Duane Diggs, a leader of VOICE-Buffalo, offered the following statement:

"We are our brother's keeper. We are happy and excited about the Governor's administration and vision. But for our part as faith leaders we are committed to the least last and lowest among us being a part of a collective prosperous equation. We must have the faith and vision to create a new frontier, and put generations of struggling people back to work. VOICE-Buffalo is committed to this vision through a green jobs program in Buffalo, a clear public transportation plan, and infrastructure investments that are about equality for our struggling communities."

VOICE-Buffalo is a faith-based community organizing project of urban and suburban congregations. The mission of VOICE-Buffalo is to build the capacity of people to act on their concerns, create a culture of responsibility and accountability for what happens in our community, strengthen and connect our institutions to their communities, and break down the barriers that are deeply dividing our neighborhoods, city and region.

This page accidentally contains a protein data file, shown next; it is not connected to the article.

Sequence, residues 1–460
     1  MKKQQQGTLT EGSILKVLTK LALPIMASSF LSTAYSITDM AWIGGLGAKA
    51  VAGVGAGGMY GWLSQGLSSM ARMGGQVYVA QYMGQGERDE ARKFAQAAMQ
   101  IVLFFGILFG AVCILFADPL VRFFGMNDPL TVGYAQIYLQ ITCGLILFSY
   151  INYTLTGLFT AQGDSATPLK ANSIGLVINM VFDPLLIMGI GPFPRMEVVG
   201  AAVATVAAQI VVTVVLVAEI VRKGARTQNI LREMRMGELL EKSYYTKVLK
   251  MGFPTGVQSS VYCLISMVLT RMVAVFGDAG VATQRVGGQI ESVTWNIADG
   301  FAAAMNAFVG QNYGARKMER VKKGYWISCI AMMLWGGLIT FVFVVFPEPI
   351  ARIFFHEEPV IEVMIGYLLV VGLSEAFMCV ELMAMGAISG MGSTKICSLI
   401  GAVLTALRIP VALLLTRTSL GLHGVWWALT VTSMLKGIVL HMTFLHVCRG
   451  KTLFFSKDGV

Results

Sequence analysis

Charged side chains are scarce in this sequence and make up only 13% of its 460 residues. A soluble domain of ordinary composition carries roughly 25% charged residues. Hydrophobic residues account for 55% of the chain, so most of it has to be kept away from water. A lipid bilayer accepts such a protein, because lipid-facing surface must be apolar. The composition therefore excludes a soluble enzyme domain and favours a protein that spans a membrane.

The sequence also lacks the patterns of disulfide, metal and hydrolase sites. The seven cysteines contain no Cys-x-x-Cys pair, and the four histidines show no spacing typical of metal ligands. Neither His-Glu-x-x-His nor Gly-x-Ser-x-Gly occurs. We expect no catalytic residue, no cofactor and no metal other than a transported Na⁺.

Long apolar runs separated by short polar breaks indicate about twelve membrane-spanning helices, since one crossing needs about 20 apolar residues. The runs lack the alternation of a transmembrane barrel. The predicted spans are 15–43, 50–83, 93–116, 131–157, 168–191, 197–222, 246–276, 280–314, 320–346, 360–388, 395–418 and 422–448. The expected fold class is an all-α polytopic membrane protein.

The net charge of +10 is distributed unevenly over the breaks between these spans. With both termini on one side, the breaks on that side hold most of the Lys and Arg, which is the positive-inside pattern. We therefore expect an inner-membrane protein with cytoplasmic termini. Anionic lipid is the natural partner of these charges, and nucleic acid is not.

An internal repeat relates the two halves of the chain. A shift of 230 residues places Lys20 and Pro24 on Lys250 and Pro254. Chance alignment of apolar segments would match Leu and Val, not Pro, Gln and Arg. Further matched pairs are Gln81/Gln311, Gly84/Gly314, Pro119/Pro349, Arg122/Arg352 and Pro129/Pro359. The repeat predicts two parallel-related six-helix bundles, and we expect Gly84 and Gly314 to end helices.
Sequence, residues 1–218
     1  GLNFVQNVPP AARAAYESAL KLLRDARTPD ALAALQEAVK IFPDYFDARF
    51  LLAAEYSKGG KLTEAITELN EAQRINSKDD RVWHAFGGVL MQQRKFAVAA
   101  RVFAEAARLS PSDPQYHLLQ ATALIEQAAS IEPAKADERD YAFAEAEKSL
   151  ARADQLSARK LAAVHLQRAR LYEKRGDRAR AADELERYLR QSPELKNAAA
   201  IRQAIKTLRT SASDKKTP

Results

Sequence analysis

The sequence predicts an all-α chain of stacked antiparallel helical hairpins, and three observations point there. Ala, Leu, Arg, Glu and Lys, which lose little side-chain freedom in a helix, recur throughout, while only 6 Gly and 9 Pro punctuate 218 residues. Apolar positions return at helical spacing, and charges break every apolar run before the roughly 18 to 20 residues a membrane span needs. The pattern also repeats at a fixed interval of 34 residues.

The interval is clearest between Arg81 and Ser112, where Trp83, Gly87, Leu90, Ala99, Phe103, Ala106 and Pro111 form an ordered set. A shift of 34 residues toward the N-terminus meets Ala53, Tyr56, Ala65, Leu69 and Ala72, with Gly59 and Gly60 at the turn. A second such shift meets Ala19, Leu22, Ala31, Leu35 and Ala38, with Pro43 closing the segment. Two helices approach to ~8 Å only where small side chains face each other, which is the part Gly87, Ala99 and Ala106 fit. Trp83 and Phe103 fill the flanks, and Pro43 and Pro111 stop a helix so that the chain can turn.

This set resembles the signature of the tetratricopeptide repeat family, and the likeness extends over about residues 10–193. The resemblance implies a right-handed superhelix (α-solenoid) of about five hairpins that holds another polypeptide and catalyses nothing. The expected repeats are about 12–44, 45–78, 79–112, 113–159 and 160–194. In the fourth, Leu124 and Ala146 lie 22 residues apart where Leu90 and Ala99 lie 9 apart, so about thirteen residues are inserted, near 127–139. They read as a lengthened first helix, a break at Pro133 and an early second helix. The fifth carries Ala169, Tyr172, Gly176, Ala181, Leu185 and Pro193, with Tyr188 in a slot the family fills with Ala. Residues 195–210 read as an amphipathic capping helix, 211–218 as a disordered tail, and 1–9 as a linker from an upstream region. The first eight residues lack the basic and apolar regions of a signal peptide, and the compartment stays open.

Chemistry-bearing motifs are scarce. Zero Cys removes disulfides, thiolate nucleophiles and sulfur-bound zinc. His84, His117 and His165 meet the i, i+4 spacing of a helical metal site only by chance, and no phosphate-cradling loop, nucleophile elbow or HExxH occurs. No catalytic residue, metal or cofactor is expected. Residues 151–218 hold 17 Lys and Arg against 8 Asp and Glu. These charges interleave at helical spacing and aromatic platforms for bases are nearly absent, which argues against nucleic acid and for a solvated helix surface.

I will review Governor Cuomo’s budget proposals with much care and consideration in the coming days and weeks, but it seems clear already that he is showing real leadership is his efforts to reduce state spending and right-size government.

Naturally my colleagues and I in Western New York are interested to learn more about how the governor’s budget proposal affects the UB2020 vision that we have all embraced. I am encouraged to see a reference to procurement reform within the SUNY system included in the budget proposal, as well provisions that would open the door for more public-private partnerships between institutions like UB and the private sector. These have been some, but not all, of the key elements of the UB2020 vision.

Now we need to look more closely at the specific impacts of the governor’s proposals and weigh their merits. Regardless, UB2020 remains the most important economic development priority for Western New York and our fight will continue as the budget and legislative processes go on.


For the past four years, I’ve said the state needs a budget that aligns recurring revenues with recurring spending. At first glance, it appears the Governor has proposed a budget that does just that.